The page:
Thursday, March 23, 2017

Just a little on complex I and models

OK, just a brief summary of the parts I like most from the excellent

The CoQH2/CoQ Ratio Serves as a Sensor of Respiratory Chain Efficiency.

We should all have a picture of the ETC looking a bit like this, omitting mtG3Pdh and ignoring supercomplex formation:

Guarás et al set up a model, a proof of principle extreme. They blocked the ETC completely at either complex III, or at cytochrome C or at complex IV. They even discussed short term oxygen deprivation as a generator of ROS, equivalent of blocking the extreme end point of the ETC. If you completely block the ETC in this way then any input through FADH2 containing enzymes to CoQ will always generate a massively reduced CoQ pool, one prerequisite for reverse electron transport (RET),

leading to the near complete disassembly of complex I. It's a model, an extreme version of reality. Fascinating in its own right, as was the ability of the fungal CoQH2 oxidase (AOX) to protect complex I completely from any of the engineered ETC defects:

AOX may not pump any protons but it does preserve complex I by reducing the extreme levels of CoQH2 which drive RET.

They subsequently went on to look at more physiological ways to generate RET and came to the conclusion that, as the balance of inputs from NADH vs FADH2 shifted, then the amount of complex I relative to complex III would need to be altered. RET is the physiological signal to balance complexes I and III against NADH and FADH2 supply.

Elegant is not the word.

They even went on to ascertain which cysteine residues were preferentially oxidised to disassemble the complex. They group around the FMN and the CoQ docking area, surprise surprise... OK. If you insist, here is the ribbon diagram from fig 5:

There's a lot of explanation in the text of what the colours and the asterisks mean.

All I really wanted to lay down with this post is that there is a physiological process where FADH2 inputs control complex I abundance. That is how it should be.

When you want a pathological model of complex I destruction, pathological levels of FADH2 input will deliver.



George Henderson said...

Perfect, and in tune with my LSD insight that the processes that go on in cells and mitochondria are unlikely to be just the product of Brownian motion of substrates etc between a given distribution of proteins- any mechanism that gives directionality or allows the availability of substrates to control the outputs will have been exploited.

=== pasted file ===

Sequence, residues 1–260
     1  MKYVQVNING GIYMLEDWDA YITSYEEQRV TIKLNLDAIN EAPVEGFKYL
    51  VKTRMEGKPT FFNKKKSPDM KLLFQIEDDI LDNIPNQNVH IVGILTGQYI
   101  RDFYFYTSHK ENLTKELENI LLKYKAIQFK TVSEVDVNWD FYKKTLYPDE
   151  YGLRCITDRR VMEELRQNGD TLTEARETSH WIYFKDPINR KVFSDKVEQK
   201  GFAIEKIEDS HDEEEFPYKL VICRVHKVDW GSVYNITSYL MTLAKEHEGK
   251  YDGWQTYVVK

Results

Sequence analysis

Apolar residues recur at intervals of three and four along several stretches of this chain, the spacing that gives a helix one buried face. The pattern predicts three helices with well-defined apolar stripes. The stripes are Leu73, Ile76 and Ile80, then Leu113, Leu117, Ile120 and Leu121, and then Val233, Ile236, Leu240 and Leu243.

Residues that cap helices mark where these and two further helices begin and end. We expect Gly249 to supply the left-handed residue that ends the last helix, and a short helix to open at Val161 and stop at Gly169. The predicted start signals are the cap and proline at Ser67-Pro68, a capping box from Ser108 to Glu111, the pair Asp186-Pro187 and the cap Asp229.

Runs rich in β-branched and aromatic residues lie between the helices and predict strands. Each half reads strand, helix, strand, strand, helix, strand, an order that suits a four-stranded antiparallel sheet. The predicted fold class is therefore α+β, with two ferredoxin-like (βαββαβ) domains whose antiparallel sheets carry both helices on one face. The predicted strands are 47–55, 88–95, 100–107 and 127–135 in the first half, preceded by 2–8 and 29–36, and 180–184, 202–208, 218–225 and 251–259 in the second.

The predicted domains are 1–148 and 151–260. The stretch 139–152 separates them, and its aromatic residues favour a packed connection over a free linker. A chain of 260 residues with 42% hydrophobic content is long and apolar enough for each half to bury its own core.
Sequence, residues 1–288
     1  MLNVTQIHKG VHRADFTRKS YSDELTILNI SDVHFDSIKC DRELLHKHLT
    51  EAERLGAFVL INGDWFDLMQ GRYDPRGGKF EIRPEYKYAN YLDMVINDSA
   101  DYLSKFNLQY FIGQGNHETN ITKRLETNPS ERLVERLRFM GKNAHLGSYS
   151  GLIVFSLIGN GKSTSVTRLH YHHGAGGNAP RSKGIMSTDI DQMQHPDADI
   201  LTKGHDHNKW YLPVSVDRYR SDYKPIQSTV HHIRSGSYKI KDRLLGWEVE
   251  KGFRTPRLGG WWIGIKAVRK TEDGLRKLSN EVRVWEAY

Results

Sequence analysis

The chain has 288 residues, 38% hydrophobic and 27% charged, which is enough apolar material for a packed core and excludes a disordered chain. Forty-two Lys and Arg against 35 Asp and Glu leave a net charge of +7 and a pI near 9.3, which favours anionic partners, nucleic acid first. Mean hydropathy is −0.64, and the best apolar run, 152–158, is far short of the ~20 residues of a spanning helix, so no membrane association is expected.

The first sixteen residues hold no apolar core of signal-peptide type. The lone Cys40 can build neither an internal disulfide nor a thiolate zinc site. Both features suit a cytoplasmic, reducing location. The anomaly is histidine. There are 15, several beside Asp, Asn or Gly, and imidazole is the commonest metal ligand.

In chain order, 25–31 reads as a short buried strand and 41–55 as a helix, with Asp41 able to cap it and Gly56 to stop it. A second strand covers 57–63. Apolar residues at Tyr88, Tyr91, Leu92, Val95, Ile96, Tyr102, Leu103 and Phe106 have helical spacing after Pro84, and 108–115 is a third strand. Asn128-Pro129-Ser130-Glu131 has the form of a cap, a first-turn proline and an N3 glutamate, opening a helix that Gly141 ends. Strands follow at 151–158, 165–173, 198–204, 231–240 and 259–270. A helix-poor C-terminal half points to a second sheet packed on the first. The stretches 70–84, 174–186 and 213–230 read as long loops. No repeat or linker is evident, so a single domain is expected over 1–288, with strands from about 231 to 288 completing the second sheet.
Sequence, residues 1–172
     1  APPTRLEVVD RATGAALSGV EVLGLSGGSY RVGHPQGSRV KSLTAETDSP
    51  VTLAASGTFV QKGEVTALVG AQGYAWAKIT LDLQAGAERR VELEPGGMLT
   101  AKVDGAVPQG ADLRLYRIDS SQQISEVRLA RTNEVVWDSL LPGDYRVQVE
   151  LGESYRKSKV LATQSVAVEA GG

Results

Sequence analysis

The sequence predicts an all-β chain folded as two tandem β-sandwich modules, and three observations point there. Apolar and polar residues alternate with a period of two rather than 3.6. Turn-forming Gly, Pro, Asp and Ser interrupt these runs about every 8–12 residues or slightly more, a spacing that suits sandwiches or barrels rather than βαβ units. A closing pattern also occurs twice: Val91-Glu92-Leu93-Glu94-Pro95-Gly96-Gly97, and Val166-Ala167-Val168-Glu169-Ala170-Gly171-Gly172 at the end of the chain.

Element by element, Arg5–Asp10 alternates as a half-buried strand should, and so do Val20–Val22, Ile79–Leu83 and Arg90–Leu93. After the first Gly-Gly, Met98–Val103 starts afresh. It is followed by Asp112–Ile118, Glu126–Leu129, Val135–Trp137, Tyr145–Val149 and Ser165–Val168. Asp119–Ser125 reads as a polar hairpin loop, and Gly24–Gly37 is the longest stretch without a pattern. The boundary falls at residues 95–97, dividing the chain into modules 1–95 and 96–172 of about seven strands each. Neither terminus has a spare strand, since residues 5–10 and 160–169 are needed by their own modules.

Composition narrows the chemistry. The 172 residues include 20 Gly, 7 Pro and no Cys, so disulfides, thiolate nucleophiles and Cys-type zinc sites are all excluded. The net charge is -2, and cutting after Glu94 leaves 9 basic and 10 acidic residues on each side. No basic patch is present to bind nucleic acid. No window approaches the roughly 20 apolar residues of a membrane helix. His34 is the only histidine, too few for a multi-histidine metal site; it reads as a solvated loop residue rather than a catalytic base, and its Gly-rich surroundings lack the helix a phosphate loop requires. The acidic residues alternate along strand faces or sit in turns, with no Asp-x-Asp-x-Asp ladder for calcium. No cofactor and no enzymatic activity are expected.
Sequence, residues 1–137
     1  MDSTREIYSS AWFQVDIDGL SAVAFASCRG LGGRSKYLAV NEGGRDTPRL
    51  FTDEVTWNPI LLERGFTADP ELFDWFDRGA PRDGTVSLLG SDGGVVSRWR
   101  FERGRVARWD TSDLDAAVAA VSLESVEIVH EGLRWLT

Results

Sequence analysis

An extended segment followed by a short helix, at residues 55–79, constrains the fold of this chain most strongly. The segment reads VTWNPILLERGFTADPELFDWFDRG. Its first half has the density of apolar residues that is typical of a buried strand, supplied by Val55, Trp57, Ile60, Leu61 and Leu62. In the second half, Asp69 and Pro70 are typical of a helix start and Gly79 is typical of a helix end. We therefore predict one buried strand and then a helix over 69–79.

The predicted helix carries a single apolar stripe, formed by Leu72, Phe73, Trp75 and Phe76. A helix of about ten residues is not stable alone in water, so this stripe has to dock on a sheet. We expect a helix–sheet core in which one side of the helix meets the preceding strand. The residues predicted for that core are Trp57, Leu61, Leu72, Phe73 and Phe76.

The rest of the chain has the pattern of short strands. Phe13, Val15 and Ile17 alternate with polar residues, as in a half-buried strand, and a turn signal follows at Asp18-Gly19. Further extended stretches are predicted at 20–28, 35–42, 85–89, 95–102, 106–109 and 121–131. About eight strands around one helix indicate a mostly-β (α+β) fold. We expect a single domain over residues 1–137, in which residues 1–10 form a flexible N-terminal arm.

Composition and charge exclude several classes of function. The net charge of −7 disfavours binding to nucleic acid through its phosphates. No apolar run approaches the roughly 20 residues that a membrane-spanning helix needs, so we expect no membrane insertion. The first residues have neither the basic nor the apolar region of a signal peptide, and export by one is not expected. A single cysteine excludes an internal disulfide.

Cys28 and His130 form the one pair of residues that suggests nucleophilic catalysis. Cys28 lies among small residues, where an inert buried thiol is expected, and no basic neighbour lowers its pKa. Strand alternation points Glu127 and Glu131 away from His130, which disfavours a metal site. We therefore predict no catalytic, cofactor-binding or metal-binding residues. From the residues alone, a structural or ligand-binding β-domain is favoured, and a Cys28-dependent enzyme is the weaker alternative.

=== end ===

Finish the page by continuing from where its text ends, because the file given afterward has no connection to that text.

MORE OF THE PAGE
So what (if anything) does this mean for the person with statin myopathy, whose complex 3 has been inhibited?

Peter said...

Combined with CoQ depletion... Perhaps they might increase the incidence of diabetes???????


karl said...

My hunch is that the myopathy is due to the statins - not the low LDL.

New Evolocumab (repatha) paper..

If you look at the study - go to the comments - and yes, it looks like they are far from being forthright instead doing statistical bits to mislead.

They also say nothing about Lp(a) -- have to wonder why.

The also say nothing about oxLDL -- have to wonder why.

All cause mortality looks similar to statins..

This paper should not have been published in the form it is in.

That being said - there apparently seem to be less side effects from these PCSK9-inhibitors.

A current narrative - initial damage is done by elevated insulin. The body recruits cholesterol as part of the healing process - this healing process gets confused and starts to identify oxLDL as dying bacteria - macrophages engulf forming foam-cells that choke off artery. Thus slowing the healing process may slightly reduce heart-attack rates - but at a cost.

An alternative intervention would be to lower insulin by curing/preventing T2D - by eating lowcarb/low Linoleic acid diet. (which also reduces oxLDL ).

So today we know that "HDL is good cholesterol" and the "lower LDL is the better" are false. That leaves trygly.

A lowcarb diet can easily reduce trygly. Trygly is an independent risk factor - we don't know if it is actually causative - could be that it just correlates to avoiding carbs and insulin levels.

George Henderson said...

HDL is still good - look at placebo arms in SMART or Jupiter (and no doubt FOURIER too when we get sub-group analysis). Also, look at alcohol - there's a drug that increases HDL and decreases CHD.
But factor in TG - one thing HDL is telling you is, whether there is too much TG in system, or too much insulin, as these things will also lower HDL.
Because of natural and harmless genetic variance in HDL, use fasting TG/HDL ratio for most sensitive analysis.

Clin Biochem. 2012 Jan;45(1-2):96-100. doi: 10.1016/j.clinbiochem.2011.11.001. Epub 2011 Nov 18.
The logarithm of the triglyceride/HDL-cholesterol ratio is related to the history of cardiovascular disease in patients with familial hypercholesterolemia.

Soška V, Jarkovský J, Ravčuková B, Tichý L, Fajkusová L, Freiberger T.

The aim of this study was to determine whether the atherogenic index of plasma (AIP=log[triglycerides/HDL-cholesterol]) differs in heterozygous familial hypercholesterolemia (FH) patients with and without a history of cardiovascular disease (CVD).
A total of 555 FH patients with known mutations in the LDL receptor or the apolipoprotein B gene, of whom 53 had a history of CVD (CVD+ group), were retrospectively analyzed.
Compared to patients without CVD (CVD- group), CVD+ patients showed significantly higher fasting LDL-cholesterol, triglycerides and AIP as well as lower HDL-cholesterol. After both adjustment for age and diabetes and using analysis based on age and sex matched groups, only the increase in triglycerides and AIP in the CVD+ vs. the CVD- group remained significant.
The results of the present study indicate that AIP, which reflects the presence of atherogenic small LDL and small HDL particles, may be connected to the risk of CVD in FH patients.